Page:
Africa's largest country Algeria has begun voting in a presidential election, with incumbent Abdelaziz Bouteflika ailing but still likely to be returned for a fourth term. Some parties have called for a poll boycott.
Some 23 million Algerians are expected to cast their votes Thursday to elect the next president of the vast oil and gas-rich nation. The strongest challenge was expected to come from ex-premier Ali Benflis.
Bouteflika came to power in 1999 as the candidate of the ruling National Liberation Front after being credited with helping to end Algeria's civil war of the 1990s.
Last month, the 77-year-old decided to seek a new term despite scandals implicating his inner circle and a mini-stroke suffered last year. Critics mounted a campaign called Barakat - meaning "enough" - and havedescribed the poll as "farcical."
Algeria's army and its DRS intelligence service are still widely considered to be the real power in Algeria.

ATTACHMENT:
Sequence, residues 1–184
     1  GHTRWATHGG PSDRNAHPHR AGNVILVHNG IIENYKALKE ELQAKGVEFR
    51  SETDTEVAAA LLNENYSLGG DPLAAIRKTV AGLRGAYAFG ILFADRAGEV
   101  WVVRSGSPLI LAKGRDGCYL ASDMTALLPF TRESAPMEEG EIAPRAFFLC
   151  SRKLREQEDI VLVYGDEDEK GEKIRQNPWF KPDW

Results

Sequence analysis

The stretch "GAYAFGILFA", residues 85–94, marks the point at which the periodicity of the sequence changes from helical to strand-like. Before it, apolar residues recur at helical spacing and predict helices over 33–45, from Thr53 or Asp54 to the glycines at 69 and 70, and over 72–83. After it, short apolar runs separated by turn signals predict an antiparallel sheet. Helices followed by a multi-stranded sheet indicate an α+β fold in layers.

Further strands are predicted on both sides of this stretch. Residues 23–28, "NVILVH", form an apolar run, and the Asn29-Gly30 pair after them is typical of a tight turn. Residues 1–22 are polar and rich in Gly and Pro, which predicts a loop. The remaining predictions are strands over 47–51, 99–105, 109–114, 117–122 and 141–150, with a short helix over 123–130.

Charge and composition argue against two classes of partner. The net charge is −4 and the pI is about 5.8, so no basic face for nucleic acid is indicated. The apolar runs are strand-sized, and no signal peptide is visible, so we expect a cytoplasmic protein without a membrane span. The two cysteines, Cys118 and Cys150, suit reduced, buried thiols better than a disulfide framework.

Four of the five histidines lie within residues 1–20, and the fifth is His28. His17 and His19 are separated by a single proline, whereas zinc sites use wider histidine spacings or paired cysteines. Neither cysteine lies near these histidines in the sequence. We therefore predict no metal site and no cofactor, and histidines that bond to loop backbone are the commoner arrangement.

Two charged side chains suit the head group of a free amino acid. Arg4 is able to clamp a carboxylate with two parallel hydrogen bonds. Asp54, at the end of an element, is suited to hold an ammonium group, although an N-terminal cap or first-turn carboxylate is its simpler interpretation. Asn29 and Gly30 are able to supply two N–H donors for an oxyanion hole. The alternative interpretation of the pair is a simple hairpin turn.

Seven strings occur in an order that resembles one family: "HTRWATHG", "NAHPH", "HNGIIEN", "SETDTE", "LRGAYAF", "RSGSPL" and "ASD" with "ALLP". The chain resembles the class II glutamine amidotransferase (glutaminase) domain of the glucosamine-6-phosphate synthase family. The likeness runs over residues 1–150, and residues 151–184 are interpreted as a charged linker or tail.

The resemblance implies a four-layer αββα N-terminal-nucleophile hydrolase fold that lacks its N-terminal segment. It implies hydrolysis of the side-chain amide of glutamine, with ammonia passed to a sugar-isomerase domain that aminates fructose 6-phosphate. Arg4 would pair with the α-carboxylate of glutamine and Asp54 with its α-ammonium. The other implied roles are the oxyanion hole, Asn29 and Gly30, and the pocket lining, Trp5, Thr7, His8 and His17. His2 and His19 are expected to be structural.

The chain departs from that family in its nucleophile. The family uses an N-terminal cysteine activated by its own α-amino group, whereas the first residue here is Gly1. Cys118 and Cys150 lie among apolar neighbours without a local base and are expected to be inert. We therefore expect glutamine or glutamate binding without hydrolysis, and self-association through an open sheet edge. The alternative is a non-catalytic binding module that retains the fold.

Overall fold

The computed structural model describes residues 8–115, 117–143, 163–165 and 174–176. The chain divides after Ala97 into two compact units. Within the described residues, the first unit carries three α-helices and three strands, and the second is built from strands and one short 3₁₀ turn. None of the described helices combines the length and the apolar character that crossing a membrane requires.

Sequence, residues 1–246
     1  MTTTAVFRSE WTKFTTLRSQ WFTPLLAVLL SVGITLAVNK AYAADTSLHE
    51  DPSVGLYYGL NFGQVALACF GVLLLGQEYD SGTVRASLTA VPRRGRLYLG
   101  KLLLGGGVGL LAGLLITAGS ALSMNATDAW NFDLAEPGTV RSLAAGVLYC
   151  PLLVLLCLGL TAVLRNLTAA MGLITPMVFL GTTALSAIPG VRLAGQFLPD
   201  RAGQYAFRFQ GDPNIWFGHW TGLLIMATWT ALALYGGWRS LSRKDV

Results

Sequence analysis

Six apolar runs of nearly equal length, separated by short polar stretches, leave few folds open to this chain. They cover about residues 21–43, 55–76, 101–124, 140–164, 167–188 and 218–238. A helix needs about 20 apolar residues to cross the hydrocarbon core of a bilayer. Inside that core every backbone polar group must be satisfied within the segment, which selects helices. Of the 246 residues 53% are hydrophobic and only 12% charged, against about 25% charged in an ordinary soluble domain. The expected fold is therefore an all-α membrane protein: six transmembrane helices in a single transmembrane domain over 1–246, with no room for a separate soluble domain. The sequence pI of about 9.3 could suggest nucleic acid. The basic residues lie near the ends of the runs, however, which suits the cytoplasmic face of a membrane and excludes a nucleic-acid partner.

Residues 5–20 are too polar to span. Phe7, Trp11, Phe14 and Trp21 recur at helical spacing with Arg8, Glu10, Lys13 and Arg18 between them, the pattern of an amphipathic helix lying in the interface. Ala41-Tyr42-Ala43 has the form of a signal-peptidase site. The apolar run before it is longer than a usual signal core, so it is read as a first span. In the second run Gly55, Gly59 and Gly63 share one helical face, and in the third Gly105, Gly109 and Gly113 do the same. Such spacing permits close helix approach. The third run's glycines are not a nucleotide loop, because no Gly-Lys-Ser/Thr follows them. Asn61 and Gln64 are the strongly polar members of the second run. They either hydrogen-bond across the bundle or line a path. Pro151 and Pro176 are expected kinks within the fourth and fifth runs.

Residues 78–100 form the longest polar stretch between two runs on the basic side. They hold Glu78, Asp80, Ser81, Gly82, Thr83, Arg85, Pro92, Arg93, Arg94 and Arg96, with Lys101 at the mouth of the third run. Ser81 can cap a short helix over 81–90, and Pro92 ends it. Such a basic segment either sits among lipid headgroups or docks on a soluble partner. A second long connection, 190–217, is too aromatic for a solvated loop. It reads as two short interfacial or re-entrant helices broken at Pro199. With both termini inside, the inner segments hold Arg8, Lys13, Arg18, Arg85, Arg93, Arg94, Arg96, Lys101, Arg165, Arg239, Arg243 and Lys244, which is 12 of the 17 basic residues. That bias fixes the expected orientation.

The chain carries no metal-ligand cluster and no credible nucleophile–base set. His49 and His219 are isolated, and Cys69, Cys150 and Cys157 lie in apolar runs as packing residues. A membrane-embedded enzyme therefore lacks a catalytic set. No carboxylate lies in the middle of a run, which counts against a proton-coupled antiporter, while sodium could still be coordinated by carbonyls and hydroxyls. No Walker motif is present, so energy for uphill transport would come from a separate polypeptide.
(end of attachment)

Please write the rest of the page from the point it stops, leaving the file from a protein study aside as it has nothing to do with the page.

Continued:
During protests across the Arab world in 2011, Bouteflika headed off unrest with pay rises and minor reforms. Youth unemployment remains high - at 21 percent among under 35s - despite windfall oil revenues. Three quarters of Algeria's population is younger than 35 years old.
Challenge from Benflis
Benflis, a 69-year-old lawyer, who co-founded Algeria's League of Human Rights in the 1980s, decided to stand in Thursday's election after a 10-year political absence.
In 2004 he ran against Bouteflika, but won only 6.4 percent of the vote.
The only woman candidate is Louisa Hanoune, a 60-year-old member of parliament and a prominent left-wing politician.
Since Sudan split into two, Algeria is Africa's biggest country, spanning 2.4 square kilometers (920,000 square miles). Its Mediterranean coastline reaches 1,000 kilometers (600 miles).
ipj/hc (AFP, dpa)